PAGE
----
- Necessary personal qualities: flexibility, patience, and excellent listening skills.
- Fluency in English.

Desirable:-

Experience from or knowledge of Timor Leste.

- UN work experience, preferably in the area of human rights.
- Tetun, Portuguese or Indonesian language skills.

Conditions of service and remunerationThe consultant will be based in Dili (Timor Leste) in the premises of the United Nations Integrated Mission in Timor-Leste (UNMIT) for a maximum period of 25 working days.

At the end of this period, she/he must have produced a report with findings and recommendations. Travel expenses plus a generous remuneration package will be provided. How to applyShould you be interested please forward your CV, preferably by a UN personal history form (P-11, available e.g. on http://www.ohchr.org/) and brief cover letter to the attention of Ms. Teri Ann Bryans (bryans@un.org) copied to Mr. Joacim Carlson (carlsonj@un.org) before 5 October 2008.Please indicate in the subject of your e-mail the reference: “TCP-funded Training

ExpertReference Code: RW_7JT56R-87

Simu Malu: Finding Peace in East Timor

ETLJB Editor Note: This item is being posted notwithstanding that it dates back to 2007 (apparently) to promote the work of CRS in peace building in East Timor and also because it includes a report on traditional law - tara bandu - which has been the subject of recent press reports and posts on ETLJB.

Water buffalo justice reigns in East Timor
Custom and conflict:The uses and limitations of traditional systems in addressing rural land disputes in East Timor
East Timor mulls traditional justice
Community Rights to Customary Land in East Timor

From Catholic Relief Services - A market that used to sell rice and tropical fruit is now a beaten expanse of dirt and burnt remains. The road that children used to walk to church and school is now the setting for battles between youth. A city that used to be populated with just "other Timorese" now consists of West Timorese and East Timorese.

Sebastiao Ximenes, the village leader of Moris Foun, works to create a peaceful community where his neighbors can feel safe.

And Sebastiao Ximenes, who used to be leader of a whole community, now struggles to bring families home to Moris Foun again.

Moris Foun is one neighborhood in Dili, the capital city of East Timor, where civil unrest has driven thousands of the 167,000 residents to seek safety in makeshift camps in schools, parks, convents and empty buildings. Churches are again a place of sanctuary. It has been over a year since accusations of discrimination in the military set off a wave of violence in East Timor, and Dili still doesn't know when the arson, looting and violent clashes between gangs of youth will end.

In a place where chaos can descend at any moment, Sebastiao and CRS are trying to bring simu malu — that is, mutual understanding — and with it, peace.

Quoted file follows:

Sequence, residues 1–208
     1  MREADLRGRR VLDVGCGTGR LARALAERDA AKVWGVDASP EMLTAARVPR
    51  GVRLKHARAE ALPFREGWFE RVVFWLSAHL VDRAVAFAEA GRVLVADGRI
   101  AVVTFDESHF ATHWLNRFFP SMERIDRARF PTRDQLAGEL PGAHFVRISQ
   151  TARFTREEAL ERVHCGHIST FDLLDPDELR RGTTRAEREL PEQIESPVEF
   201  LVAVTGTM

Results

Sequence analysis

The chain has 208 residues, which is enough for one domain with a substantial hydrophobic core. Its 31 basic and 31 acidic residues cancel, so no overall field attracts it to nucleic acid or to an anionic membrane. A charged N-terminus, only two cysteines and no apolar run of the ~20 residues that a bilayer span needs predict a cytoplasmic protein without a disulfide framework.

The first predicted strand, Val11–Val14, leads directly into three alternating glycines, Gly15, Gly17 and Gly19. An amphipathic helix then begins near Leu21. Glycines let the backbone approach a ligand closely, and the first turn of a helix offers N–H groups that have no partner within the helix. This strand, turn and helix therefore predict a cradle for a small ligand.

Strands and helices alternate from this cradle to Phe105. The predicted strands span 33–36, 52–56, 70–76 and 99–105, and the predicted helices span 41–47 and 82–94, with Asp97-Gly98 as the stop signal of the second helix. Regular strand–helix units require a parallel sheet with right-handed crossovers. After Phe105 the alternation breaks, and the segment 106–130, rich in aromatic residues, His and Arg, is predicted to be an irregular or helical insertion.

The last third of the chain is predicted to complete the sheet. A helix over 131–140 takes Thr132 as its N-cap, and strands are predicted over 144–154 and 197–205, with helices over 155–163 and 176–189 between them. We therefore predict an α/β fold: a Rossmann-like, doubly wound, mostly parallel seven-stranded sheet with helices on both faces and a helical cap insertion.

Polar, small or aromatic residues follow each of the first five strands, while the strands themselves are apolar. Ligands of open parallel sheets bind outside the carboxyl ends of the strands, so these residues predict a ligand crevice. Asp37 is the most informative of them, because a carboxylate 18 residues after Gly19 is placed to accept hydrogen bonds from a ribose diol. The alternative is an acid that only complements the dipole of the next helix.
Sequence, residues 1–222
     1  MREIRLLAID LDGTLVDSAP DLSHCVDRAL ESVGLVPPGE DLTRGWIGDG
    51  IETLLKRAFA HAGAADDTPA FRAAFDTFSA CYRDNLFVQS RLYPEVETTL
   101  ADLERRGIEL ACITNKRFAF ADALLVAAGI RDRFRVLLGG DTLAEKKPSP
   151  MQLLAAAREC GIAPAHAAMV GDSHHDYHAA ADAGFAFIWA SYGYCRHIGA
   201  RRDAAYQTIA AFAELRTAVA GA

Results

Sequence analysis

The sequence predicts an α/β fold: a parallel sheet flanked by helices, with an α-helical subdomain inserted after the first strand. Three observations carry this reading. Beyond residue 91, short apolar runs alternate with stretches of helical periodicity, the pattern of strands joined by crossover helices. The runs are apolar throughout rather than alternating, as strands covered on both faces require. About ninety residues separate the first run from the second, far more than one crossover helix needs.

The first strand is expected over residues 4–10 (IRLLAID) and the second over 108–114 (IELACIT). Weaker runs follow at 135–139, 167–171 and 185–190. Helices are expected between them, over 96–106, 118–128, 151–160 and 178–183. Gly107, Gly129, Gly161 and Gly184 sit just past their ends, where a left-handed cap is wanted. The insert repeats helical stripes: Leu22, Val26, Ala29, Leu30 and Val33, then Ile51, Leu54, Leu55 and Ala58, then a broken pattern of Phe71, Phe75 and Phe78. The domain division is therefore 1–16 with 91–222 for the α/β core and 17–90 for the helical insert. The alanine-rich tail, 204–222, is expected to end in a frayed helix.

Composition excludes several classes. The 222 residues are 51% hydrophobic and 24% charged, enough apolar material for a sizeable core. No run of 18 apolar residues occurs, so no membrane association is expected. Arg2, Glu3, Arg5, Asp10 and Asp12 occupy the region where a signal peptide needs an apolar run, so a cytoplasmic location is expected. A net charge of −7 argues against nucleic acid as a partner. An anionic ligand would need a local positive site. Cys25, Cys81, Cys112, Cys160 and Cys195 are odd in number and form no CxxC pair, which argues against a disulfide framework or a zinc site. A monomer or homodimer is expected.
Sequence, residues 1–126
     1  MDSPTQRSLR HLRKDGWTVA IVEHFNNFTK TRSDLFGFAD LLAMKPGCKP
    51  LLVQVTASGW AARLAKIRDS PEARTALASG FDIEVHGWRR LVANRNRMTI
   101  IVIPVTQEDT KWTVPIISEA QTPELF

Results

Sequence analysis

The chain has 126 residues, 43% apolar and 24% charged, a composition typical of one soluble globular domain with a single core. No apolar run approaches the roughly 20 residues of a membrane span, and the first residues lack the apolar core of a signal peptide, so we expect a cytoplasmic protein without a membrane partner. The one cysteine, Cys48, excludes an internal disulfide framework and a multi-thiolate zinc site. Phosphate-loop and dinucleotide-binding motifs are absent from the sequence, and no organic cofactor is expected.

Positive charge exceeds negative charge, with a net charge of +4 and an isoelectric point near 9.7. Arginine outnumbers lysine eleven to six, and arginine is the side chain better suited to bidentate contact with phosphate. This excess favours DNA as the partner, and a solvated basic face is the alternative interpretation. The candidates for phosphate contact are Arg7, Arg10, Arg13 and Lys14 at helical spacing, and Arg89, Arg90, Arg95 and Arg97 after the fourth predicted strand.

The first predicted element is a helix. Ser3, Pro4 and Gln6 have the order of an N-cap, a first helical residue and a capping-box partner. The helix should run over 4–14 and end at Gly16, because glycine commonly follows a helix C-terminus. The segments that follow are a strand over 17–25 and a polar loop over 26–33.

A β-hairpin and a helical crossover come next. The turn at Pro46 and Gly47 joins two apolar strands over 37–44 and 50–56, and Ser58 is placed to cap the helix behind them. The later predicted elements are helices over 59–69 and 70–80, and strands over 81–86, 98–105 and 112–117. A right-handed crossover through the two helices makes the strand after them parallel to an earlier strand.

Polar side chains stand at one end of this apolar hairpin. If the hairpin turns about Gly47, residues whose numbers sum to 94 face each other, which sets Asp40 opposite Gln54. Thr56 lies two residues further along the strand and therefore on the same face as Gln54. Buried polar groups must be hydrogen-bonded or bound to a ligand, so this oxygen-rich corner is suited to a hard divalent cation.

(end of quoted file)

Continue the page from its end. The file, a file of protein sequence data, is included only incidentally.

A Vision of Peace

As a first step, CRS' Simu Malu project team carried out a Vision of Peace workshop where Sebastiao and other determined community members imagined what peace would look like in Moris Foun. Then, they put their plans into action — with events like a CRS-sponsored soccer tournament.

In preparation for the tournament, youth from conflicting communities came together to paint peace-themed murals on the walls around town. These new friends were joined on the day of the opening game by government officials, leaders from other nearby neighborhoods, CRS East Timor's country director Jason Belanger, and at least 200 local citizens.

Among them was a village elder, who, with his son, had left a camp for people displaced by violence for the first time in five months. The elder was warmly welcomed and hugged, and spoke to the crowd before the first game of the monthlong event began.

From Trauma to Healing

"Those who did not leave were attacked," remembers Judit, a Moris Foun resident who now works for CRS. "Given the circumstances, I felt I must leave." So she packed her things and sought safety in a camp. CRS runs five camps in Dili for as many as 8,000 displaced people and provides support for several more camps.

Back in February, many people were fleeing Moris Foun and the nearby neighborhood known as 30th of August because of confrontations between local youth and residents from other villages, says Judit.

Renewed violence swelled the population of the closest camp from 775 people to over 1,700. CRS provided tarpaulins and bamboo to build temporary shelters and contributed critical funding for food. Until it was safe outside the camp, a CRS health promotion team kept conditions safe inside the camp with activities for children that focused on improving hygiene and hand-washing.

Despite the Pacific blue of the waters that edge the city, most citizens are too familiar with fear and violence. They have already lived through the abuses of an Indonesian occupation and the war that won their independence.

But Sebastiao says that the activities first imagined at the Vision of Peace workshop have managed to bring a sense of trust and security to Moris Foun, and that hundreds of families have begun to return. "CRS has provided support which has allowed the community to heal from the trauma of the recent crisis," he says.

Bringing Them Home